I also didn’t look at crosstown tram routes such as the 82 (Footscray-Moonee Ponds) and the 16 (Glenferrie-Malvern-Balaclava). Maybe something for another day. There are also, of course, many crosstown non-Smartbus routes.
Other travel time factors
Train times can be inconsistent where frequencies on the two lines are not aligned. For instance Coburg (every 20 minutes) to Holmesglen (every 15 minutes) came out at either 58, 63 or 68 minutes depending on the precise time of departure. For this exercise I always chose the one at or just after midday – for this case it was 58 minutes, but for others it could be the lowest or highest figure, not the middle.
When I chose midday as the start time, I didn’t realise that for train trips via the CBD, this narrowly avoids traversing the Loop outbound. With a slightly later start time, you might even go around the Loop twice; for instance if you wanted Sunshine to Box Hill, leaving on the 12:24 train from Sunshine, you’d go around the Loop into Flinders Street, just miss a direct Box Hill train, and go around the Loop again on the next departure, arriving at Box Hill at 1:31… which at 77 minutes is still far faster than the bus.
Some of the Smartbuses stop at multiple stations on the same line, for instance the 901 at Blackburn and Ringwood, and also at Kananook and Frankston. These segments are probably most useful for local trips, but some might use them as an alternative route when trains are disrupted.
In peak hour, the results would be even more skewed towards trains. Buses take longer in heavier traffic. Trains on most lines are more frequent in peak, and (particularly on the Hurstbridge, Belgrave/Lilydale and Frankston lines) there are more likely to be expresses.
On weekends and in the evenings, the results are also likely to be more skewed towards trains, because bus frequencies drop off markedly, making the chances of a departure time that’s convenient rather less likely. (Just ask anybody who’s tried to catch a 703 at the Bentleigh/Brighton end of the route after 9pm on a weekday. There aren’t any.)
Anti-clockwise results might be a bit different to clockwise.
Most importantly, individual passengers may or may not prioritise fast travel time over other factors, such as their tolerance for interchange.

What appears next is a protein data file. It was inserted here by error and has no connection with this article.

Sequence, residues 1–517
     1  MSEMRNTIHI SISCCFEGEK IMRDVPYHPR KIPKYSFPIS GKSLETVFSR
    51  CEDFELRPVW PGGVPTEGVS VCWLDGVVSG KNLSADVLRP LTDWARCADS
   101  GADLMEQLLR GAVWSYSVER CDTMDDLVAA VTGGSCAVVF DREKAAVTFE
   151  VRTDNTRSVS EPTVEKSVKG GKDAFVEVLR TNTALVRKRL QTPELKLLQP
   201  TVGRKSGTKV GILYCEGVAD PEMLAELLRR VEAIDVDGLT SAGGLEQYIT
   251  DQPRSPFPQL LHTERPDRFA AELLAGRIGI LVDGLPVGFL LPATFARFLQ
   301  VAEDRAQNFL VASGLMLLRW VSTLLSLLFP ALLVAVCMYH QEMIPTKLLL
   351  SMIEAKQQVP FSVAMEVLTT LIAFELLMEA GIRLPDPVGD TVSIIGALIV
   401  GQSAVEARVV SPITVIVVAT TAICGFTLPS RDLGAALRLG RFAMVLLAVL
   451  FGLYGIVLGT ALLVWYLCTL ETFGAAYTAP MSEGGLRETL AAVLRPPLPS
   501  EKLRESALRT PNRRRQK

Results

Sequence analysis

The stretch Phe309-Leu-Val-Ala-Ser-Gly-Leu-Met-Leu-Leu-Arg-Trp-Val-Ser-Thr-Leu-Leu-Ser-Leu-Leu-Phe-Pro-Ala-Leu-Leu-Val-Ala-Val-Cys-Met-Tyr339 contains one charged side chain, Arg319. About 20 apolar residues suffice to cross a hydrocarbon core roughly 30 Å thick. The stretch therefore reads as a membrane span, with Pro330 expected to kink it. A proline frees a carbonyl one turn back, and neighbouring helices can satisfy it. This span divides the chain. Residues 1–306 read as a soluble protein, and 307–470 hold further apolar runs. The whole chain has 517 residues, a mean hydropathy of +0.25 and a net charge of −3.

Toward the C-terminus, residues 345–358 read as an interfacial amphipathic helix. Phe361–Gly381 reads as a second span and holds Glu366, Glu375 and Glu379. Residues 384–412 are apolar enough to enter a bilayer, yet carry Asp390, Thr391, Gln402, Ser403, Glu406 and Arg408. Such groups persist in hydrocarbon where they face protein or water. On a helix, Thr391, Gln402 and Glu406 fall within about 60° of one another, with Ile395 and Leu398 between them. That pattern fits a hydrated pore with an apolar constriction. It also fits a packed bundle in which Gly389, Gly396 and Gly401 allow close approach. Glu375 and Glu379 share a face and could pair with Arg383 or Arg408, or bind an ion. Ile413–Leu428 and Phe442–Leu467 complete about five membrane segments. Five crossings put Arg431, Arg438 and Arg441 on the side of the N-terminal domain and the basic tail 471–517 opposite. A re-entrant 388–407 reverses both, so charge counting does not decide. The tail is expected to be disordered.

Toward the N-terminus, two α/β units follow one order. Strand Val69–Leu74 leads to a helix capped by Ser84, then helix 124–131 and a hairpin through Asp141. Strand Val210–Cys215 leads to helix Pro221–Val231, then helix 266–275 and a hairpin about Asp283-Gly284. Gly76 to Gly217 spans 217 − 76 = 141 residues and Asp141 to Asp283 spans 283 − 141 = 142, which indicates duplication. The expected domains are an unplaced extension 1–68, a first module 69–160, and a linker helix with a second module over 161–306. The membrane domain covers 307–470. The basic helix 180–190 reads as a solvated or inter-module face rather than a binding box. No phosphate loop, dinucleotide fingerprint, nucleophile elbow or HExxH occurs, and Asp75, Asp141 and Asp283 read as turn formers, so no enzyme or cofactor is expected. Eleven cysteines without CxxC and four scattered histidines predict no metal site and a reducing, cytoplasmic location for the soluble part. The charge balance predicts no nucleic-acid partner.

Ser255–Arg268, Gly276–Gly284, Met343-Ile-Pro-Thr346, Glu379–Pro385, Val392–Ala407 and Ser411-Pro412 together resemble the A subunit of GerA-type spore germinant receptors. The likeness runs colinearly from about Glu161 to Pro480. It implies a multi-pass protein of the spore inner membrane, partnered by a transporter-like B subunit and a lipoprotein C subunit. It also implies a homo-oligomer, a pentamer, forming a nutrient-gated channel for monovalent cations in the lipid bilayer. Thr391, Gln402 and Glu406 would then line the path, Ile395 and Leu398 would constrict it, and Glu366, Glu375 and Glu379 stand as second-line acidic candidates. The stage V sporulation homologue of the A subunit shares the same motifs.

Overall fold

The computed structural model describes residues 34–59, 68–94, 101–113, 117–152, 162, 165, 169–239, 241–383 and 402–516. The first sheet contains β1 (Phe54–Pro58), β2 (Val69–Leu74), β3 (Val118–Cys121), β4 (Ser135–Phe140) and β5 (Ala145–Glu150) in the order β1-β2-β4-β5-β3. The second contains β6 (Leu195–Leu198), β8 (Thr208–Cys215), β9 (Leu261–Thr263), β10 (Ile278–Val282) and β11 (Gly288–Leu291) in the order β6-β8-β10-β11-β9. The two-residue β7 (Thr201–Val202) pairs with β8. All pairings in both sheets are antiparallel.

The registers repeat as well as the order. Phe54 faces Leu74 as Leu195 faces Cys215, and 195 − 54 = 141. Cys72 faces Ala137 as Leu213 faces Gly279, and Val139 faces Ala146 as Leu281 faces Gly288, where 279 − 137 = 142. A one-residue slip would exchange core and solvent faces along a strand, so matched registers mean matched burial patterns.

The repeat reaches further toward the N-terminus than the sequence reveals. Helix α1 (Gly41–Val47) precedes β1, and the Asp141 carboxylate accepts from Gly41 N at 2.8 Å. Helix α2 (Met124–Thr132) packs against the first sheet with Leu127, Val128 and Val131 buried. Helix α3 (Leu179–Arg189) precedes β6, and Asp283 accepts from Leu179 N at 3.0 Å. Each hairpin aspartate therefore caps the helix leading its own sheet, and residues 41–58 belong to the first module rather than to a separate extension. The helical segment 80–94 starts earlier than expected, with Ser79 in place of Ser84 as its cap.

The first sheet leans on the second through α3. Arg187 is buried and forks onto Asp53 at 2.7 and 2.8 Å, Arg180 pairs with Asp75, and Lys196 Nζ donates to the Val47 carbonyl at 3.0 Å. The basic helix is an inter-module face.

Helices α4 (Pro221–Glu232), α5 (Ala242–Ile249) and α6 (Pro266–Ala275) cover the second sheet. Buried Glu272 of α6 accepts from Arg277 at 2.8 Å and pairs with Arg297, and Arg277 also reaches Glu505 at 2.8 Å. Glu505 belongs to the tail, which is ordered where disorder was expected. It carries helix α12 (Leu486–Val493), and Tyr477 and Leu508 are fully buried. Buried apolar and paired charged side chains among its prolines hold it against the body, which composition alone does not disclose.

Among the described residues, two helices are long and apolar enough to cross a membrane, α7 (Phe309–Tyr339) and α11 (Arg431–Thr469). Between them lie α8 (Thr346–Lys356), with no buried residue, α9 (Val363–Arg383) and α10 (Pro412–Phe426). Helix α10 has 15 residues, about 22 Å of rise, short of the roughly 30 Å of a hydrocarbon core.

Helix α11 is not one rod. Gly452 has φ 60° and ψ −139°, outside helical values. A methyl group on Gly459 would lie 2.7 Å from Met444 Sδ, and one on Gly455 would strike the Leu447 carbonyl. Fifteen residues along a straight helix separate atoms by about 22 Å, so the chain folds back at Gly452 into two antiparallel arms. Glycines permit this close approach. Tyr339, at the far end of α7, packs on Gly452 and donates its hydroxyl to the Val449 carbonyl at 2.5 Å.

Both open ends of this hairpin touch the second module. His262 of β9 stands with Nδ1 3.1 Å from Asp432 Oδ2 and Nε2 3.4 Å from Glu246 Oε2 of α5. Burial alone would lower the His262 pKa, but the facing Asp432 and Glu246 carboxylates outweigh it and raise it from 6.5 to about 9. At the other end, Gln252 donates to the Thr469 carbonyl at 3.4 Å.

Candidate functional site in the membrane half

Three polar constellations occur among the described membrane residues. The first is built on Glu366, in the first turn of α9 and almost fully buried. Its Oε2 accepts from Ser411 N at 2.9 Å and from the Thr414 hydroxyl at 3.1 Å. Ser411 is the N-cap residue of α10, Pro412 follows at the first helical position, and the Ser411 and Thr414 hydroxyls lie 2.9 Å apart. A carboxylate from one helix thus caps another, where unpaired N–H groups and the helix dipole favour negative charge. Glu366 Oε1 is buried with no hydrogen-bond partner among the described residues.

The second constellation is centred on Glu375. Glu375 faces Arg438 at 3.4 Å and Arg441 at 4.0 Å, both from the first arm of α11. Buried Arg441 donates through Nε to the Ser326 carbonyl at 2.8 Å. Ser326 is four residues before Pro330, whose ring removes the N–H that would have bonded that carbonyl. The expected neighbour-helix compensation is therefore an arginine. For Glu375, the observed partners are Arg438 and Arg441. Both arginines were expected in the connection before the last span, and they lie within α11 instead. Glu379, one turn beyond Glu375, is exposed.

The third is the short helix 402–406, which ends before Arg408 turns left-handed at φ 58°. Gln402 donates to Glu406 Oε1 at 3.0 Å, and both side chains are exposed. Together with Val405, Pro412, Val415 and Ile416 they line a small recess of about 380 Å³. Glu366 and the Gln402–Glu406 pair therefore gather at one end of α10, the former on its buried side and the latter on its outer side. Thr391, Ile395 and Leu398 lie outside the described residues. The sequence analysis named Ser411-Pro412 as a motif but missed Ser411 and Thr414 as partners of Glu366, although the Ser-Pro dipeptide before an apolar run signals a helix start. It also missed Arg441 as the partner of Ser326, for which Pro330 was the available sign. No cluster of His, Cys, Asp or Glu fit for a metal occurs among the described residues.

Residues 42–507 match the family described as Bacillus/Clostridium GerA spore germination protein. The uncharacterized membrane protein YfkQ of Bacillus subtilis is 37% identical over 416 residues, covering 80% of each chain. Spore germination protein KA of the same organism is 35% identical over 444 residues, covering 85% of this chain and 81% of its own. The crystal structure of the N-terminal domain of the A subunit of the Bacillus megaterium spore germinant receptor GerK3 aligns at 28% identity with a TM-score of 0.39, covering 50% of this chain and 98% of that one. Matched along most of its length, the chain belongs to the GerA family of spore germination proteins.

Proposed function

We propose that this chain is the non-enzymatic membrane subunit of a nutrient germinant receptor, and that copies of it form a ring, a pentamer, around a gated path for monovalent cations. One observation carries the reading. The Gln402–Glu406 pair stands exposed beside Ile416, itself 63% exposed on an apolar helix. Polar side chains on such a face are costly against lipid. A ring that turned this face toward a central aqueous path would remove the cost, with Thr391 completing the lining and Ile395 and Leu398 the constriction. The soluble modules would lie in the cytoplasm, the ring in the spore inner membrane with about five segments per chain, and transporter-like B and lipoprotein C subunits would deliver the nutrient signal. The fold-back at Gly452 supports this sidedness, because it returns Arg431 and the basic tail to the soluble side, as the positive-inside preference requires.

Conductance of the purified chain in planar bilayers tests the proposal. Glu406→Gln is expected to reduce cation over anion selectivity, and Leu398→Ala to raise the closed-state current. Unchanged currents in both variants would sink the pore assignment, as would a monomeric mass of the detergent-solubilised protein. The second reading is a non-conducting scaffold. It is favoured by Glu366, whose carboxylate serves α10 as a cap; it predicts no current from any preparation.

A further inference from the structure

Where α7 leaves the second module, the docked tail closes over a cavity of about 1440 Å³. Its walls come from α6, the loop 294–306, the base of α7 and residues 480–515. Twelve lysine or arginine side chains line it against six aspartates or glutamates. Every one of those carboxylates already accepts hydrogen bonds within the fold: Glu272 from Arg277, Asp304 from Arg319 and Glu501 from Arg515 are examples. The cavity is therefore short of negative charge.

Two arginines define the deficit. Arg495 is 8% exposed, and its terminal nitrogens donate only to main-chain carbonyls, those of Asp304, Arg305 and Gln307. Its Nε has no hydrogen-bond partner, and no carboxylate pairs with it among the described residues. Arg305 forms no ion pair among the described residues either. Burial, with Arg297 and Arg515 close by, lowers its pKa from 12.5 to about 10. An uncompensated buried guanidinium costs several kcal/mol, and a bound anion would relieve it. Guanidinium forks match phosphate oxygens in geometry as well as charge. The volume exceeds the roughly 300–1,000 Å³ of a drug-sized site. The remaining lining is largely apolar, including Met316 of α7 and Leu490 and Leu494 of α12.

Some lessons here
There are various things the authorities can do to make the buses faster.
- On-road priority – bus lanes and jump start lanes and clever traffic light programming which adjusts the sequences to give buses a green rather than a red.
- Limited stops services should also be considered; as an example, the limited stops 900 is about 35% quicker than other routes along Wellington Road. Express services would be even quicker, though there’s a trade-off here; frequency needs to be maintained at the skipped stops.
- Other measures such as all-door boarding (becoming more common around the world), or even off-vehicle ticket validation would also speed up buses.
There’s a limit to what buses can do. It should be recognised that train is inevitably often quicker for longer trips, even when quite indirect, and generally is the mode of Melbourne’s PT network that is most likely to be competitive with car travel. Trains are the backbone of the network, and frequencies need to be boosted to cut connection times, though this is an issue across all modes.
Given buses generally aren’t great for long suburban trips, we shouldn’t feel bad about splitting Smartbus routes to make them more efficient and reliable. Transdev are getting flak for poor performance, but I think (broadly speaking) they had the right idea around splitting the orbital Smartbus routes into separate segments.
Future orbital routes
Looking into the future, improving options to a point where the speed and frequency is competitive on orbital trips could definitely help relieve parts of the radial rail network — for instance, in the past proposals have been made for express buses connecting from Caulfield to the Ringwood lines.
What about orbital rail lines? My sense is that the travel patterns probably don’t warrant heavy rail, particularly beyond the inner suburbs.
But fast efficient off-road light rail or busways might be a good option. If built properly, segregated from traffic, with priority where they cross roads (Brussels has some good examples), they can be very fast, and could be a good middle ground in terms of capacity, while still maintaining good frequency.
Smartbus arguably isn’t a long-distance orbital service anyway
The timings clearly show that Smartbus doesn’t really handle long crosstown trips very well.
But by providing frequent services, they are very valuable for short distance trips, short to medium-length journeys into activity centres, and as rail feeders.
Looking at the big picture, public transport needs a lot of improvement – there are so many journeys where the service offering is simply not competitive.
Catering for orbital journeys is part of this, but there are many other needs, including beefing up capacity and frequency for the far more numerous radial and local trips. Improved connections to/from the rail backbone are also critical.
And in most respects, Smartbus has been proven to be successful. We just need more of them.